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Caloric restriction as a possible pitfall for persistent acromegaly follow-up – case report



Acromegaly diagnosis is established when plasma levels of IGF-1 are increased and the Oral Glucose Tolerance Test (OGTT) with 75gr of glucose can’t suppress Growth Hormone (GH) levels. These two parameters are also useful during follow-up, after surgical/radiologic therapy and/or during medical therapy.

Case presentation

A 29-year-old woman was diagnosed with acromegaly after a severe headache. Previous amenorrhea and facial and acral changes were noticed. A pituitary macroadenoma was found, biochemical evaluation was in agreement with the suspected acromegaly and a transsphenoidal adenectomy was performed. As the disease recurred, a surgical reintervention and radiosurgery (Gamma Knife, 22 Gy) were necessary. No normalization of IGF-1 was achieved during three years after radiosurgery. Surprisingly, then, and although clinical features seemed getting worse, IGF-1 levels became consistently controlled to 0.3–0.8 times the upper limit of the reference range. Questioned, the patient referred that she was following an intermittent fasting dietary plan. However, based on the dietary questionnaire, she was found to be under severe caloric restriction. First OGTT (under caloric restriction) showed absence of GH suppression and an IGF-1 value of 234 ng/dL (Reference Range 76–286 ng/mL). A second OGTT, one month after an eucaloric diet was instituted, showed an increased IGF-1 of 294 ng/dL, maintaining an unsuppressed, yet less elevated, GH.


GHRH/GH/IGF-1 axis controls somatic growth. Regulation is complex, and nutrition status and feeding pattern have a recognized role. Like systemic inflammation or chronic liver disease, fasting and malnutrition decrease the expression of hepatic GH receptors, with consequent reduction of IGF-1 levels, through resistance to GH. This clinical report shows that caloric restriction may represent a pitfall in acromegaly follow-up.

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Acromegaly is a rare systemic disease caused by pathologic secretion of growth hormone (GH) and Insulin-like growth factor (IGF1). Recent population studies, mainly from Europe, estimate a prevalence of acromegaly between 2.8 and 13.7 cases per 100 000 people, similar between males and females in the majority of the studies. The annual incidence was estimated of 0.2 to 1.1 cases per 100 000/year [1, 2]. Patients were diagnosed in the median age that varied between 40.5 and 47 years [1].

Around 95% of all cases are due to pituitary adenoma [3] and at the time of diagnosis 2/3 are macroadenomas [1].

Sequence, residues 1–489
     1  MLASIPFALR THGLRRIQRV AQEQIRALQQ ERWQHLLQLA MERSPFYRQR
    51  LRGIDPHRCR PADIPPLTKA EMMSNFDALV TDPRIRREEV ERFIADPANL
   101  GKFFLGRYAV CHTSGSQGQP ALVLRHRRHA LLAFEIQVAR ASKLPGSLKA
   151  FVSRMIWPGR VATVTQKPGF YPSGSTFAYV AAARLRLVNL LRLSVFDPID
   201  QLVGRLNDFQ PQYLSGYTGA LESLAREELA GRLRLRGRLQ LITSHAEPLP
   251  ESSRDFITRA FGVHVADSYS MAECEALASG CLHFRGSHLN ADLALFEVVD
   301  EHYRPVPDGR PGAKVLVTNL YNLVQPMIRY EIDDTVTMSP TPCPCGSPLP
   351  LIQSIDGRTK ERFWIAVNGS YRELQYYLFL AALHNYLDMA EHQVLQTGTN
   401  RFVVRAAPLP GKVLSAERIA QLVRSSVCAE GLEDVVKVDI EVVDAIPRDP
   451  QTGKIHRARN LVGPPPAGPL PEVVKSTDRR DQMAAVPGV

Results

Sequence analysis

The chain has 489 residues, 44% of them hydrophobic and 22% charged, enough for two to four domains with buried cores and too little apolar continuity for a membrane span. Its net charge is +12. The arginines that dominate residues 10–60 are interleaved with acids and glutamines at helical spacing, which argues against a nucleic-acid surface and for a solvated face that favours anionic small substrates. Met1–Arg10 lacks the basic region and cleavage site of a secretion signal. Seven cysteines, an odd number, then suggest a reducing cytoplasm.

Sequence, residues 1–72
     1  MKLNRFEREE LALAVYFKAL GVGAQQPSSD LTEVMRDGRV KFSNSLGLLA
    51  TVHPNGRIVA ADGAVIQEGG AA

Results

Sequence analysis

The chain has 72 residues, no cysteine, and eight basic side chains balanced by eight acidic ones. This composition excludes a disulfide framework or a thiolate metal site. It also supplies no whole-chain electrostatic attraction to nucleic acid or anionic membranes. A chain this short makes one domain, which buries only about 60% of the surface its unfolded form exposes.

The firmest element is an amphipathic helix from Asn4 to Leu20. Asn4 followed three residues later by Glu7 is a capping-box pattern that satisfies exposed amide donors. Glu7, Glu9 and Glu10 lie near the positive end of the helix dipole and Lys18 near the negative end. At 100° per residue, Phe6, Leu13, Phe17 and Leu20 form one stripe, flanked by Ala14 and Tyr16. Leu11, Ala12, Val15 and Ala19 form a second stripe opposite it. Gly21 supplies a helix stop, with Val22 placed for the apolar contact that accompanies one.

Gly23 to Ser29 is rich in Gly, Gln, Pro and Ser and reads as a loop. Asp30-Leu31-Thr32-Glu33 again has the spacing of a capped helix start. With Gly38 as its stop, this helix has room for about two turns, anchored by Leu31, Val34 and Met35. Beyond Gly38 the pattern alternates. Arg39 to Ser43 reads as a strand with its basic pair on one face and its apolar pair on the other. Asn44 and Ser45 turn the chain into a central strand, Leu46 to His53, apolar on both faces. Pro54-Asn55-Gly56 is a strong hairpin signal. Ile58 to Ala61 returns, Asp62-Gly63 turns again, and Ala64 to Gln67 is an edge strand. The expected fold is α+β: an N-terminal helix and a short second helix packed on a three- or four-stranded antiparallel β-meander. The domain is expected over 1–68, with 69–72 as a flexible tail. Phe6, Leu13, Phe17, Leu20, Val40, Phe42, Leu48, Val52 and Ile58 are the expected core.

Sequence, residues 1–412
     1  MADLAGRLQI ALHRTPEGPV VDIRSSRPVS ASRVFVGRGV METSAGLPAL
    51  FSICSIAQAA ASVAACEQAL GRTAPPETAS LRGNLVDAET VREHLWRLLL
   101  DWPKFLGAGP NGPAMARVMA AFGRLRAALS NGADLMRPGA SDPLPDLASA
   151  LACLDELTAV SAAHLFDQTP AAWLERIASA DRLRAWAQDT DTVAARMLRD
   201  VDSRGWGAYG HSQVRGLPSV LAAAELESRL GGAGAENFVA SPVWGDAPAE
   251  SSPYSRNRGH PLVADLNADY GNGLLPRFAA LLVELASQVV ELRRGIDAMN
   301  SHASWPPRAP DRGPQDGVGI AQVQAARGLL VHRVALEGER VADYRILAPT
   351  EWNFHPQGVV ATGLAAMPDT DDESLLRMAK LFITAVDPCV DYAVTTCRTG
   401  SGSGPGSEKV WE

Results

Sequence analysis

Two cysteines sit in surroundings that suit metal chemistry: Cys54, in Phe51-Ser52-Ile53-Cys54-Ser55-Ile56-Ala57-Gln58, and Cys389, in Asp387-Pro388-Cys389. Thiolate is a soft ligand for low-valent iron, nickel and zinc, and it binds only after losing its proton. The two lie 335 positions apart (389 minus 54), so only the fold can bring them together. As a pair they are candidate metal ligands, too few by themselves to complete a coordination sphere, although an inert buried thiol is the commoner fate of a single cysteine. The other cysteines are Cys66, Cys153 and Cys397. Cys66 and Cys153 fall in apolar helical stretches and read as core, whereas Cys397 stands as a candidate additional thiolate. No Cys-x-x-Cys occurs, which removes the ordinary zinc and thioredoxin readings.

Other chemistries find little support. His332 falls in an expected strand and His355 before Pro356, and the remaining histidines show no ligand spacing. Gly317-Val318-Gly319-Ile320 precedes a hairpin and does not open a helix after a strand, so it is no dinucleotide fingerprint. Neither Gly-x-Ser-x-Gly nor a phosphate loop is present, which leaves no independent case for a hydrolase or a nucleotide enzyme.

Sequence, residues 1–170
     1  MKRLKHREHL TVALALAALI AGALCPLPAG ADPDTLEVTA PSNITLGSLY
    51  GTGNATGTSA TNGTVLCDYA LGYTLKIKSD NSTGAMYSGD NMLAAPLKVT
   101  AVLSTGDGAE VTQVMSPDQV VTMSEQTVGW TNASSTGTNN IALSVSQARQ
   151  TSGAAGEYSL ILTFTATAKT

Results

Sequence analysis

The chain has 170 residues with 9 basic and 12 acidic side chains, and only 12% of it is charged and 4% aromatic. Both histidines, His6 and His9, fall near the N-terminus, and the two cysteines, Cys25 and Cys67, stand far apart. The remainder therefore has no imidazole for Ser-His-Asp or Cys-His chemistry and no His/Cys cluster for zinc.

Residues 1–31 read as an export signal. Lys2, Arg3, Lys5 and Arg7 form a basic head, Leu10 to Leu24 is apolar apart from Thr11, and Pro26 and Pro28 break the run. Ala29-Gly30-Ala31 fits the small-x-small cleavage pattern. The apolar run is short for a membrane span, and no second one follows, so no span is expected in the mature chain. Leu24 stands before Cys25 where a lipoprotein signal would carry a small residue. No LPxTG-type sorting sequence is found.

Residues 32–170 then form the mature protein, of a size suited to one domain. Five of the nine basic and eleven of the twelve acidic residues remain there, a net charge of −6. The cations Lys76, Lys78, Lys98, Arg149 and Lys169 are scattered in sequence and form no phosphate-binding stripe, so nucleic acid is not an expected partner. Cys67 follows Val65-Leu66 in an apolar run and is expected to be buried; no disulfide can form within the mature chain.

Less than 1% of cases are identified as familial, mainly due to MEN1 and FIPA [1].

A myriad of clinical features are recognized; among the most prevalent (> 60% of patients) are acral growth, deformity of orofacial features, soft tissue swelling, increased sweating, arthropathy, snoring syndrome and asthenia. Regarding mass effect symptoms, headache is the most frequent, identified in as many as 60% of patients [4, 5].

In 2014 the Endocrine Society published evidence-based guidelines focusing diagnosis, treatment and follow up of acromegaly [3]. These guidelines focus the determination of serum IGF-1 to rule out acromegaly in patients with suspicious clinical features, coexistence of several associated conditions/complications of acromegaly and/or in the diagnosis of a pituitary mass [3]. A cornerstone role is also posed in IGF-1 serum levels to monitor response to therapy and to define persistent vs controlled or cured acromegaly. However several conditions may interfere with IGF-1 determination, conditioning false positive and false negative results.

Case presentation

A 29-year-old female was evaluated in the Emergency Department (ED) of our hospital in January 2011 because of an acute and severe headache since the previous day, which started in the end of a daytime shift as nurse.

Her past medical history included a congenital patent interauricular communication and rheumatic fever when she was 6. She had an uneventful pregnancy with labor two years earlier.

The CT scan performed identified a pituitary macroadenoma. Pituitary MRI better described a sellar lesion of 20 × 17x13mm, obliterating the suprasellar cistern and compressing the optic chiasm. A T2 hypersignal surrounding the right aspect of the lesion rose the possibility of a small hemorrhagic event or a cystic portion. Retrospectively, patient had been in amenorrhea for 5 months. Her rings were tighter and she increased two shoe numbers. She was also aware of dysmorphia of her nose which was wider.

Biochemical evaluation revealed normal results regarding glycaemia, prolactin, adrenal and gonadal axis; phosphocalcic metabolism was also within the reference range; IGF-1 was 4.4 times above the upper limit of the reference range (ULRR).

Patient was proposed for surgery and transsphenoidal adenectomy was performed with no immediate complications.